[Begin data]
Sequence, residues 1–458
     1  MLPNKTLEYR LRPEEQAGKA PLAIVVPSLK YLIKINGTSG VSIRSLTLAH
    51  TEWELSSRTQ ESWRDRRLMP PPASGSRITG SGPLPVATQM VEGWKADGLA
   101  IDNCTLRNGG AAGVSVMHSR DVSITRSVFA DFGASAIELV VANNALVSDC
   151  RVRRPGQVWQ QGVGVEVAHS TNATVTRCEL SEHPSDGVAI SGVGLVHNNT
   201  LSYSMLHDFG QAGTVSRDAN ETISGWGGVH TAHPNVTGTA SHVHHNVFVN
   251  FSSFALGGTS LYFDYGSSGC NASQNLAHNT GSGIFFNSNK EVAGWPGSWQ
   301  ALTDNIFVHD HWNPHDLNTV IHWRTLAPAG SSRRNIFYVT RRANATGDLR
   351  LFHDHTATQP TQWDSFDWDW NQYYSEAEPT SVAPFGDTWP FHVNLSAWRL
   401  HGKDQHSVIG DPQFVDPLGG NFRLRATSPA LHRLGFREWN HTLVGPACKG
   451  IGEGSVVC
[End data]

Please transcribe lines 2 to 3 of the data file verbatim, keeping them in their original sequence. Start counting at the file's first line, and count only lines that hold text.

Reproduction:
     1  MLPNKTLEYR LRPEEQAGKA PLAIVVPSLK YLIKINGTSG VSIRSLTLAH
    51  TEWELSSRTQ ESWRDRRLMP PPASGSRITG SGPLPVATQM VEGWKADGLA